Mayor: For Beaverton, it would be hard to top 2019
Mayor Denny Doyle says completion of the Public Safety Center this spring will add to Beaverton's long list of accomplishments during the past 12 months.
Doyle made the observation Thursday, Jan. 9, as he spoke about the state of the city, which he says is healthy on virtually all fronts.
"This will be our very first police facility in our city in 126 years of its existence," he said to a crowd of almost 300 at the Greatroom event space. "Thank you to the voters for making the Public Safety Center a reality."
Voters approved a $35 million bond in 2016 for the center, which will house police and emergency management for the first time in their own building. The center is on the southwest corner of Hall and Allen boulevards. Police are currently housed in the former City Hall on 4755 S.W. Griffith Drive, which falls within a federally designated floodplain.
Project costs are expected to exceed $35 million, but the exact amount will be determined only after the center is completed. The City Council will have to figure out how to cover the excess.
Also on the horizon for this year, Doyle said, are bicycle and pedestrian improvements, a new electric vehicle charging station near Beaverton Town Square, and a "maker space" within the Beaverton City Library.
But Doyle said it would be hard for the city to top 2019.
Beaverton again placed on Money magazine's top 100 places to live in America. It ranked 63rd; other Oregon cities on the list were Portland's Pearl District, 13; Bend, 34, and Salem, 97. The website livability.com ranked Beaverton the nation's third-best city to raise a family in 2018, and 14th-best for entrepreneurs in 2017.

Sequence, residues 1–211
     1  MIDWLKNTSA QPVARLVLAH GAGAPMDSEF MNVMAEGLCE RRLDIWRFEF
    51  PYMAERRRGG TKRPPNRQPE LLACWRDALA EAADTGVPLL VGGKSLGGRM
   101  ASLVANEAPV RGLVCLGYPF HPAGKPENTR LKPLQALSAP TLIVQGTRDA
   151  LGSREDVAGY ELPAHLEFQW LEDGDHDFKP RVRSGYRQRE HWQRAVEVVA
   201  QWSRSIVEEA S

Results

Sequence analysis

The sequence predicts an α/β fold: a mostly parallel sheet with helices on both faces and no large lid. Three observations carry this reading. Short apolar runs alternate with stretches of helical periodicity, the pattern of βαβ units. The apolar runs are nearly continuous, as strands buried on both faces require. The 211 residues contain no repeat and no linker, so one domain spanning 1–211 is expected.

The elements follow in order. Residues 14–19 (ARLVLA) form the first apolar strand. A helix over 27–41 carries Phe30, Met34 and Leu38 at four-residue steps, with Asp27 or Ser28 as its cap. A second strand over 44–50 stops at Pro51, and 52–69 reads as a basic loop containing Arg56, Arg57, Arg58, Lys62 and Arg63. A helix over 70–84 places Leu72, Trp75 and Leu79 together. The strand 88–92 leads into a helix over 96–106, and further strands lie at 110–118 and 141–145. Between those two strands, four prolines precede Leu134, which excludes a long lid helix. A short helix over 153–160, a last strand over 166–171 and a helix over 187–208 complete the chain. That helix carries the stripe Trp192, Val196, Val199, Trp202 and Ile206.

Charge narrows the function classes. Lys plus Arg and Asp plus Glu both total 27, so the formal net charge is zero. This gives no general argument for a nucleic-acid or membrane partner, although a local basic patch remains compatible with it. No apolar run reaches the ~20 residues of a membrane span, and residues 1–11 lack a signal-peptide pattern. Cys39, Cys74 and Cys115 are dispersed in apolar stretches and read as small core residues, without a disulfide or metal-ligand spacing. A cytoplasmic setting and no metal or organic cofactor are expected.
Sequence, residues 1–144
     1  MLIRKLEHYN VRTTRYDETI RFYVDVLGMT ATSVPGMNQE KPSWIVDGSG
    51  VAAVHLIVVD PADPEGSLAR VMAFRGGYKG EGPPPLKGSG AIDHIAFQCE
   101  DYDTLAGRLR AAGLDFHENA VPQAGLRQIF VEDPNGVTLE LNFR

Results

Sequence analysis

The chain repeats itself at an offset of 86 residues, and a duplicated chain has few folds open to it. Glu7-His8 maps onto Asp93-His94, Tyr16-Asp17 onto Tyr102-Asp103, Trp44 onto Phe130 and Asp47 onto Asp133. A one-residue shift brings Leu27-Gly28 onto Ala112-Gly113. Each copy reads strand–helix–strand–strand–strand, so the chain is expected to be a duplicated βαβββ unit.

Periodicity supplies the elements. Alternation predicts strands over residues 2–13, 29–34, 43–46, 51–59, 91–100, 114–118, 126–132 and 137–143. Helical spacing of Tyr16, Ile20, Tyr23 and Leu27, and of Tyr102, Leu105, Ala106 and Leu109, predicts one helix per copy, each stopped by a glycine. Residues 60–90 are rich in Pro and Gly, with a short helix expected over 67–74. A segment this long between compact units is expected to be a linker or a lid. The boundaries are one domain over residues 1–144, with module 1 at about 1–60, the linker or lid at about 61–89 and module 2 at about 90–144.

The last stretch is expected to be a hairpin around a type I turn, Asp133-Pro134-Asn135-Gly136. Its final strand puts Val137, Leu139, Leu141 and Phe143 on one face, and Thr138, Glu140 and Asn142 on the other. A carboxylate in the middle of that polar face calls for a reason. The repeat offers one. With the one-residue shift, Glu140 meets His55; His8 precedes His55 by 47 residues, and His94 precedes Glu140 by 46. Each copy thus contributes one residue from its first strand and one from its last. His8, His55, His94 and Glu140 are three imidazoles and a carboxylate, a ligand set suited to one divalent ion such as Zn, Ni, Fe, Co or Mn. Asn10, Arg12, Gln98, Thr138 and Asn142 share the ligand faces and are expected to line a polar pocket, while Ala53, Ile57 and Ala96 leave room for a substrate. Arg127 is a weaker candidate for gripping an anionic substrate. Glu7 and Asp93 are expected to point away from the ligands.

"We are keeping and adding good jobs and building a stronger workforce because of Beaverton's 'open for business' approach," Doyle said. "It's no surprise that we continue to be recognized, both locally and nationally, as a great place to live and raise a family."
Several major public and private projects broke ground during 2019, among them the long-planned Patricia Reser Center for the Arts and a seven-story parking garage next to it. The garage is scheduled for completion in spring 2021, and the center in fall 2021, both part of a Community Vision Plan adopted in 2010 and updated in 2016.
"Soon, we will have a world-class destination for touring and local performances, lively space for events and gatherings, a home for arts and culture, and a new public parking garage serving our downtown community," Doyle said.
"We can finally say once and for all that 'Art lives here' in Beaverton."
Private fundraising for the center continues and Doyle said it has reached $9.8 million, 97% of its target.
It wasn't the only project that got underway or was completed in 2019:
• New hotels: Ground was broken for a 117-room Marriott and a 107-room Westin in the Cornell Oaks business park, and a 125-room Hyatt House near the arts center and City Hall/The Round. An 89-room Hilton in northwest Beaverton has won city approval. Counting a 112-room Marriott opened in late 2018, Beaverton will increase the number of hotel rooms by 50% over its 2014 level.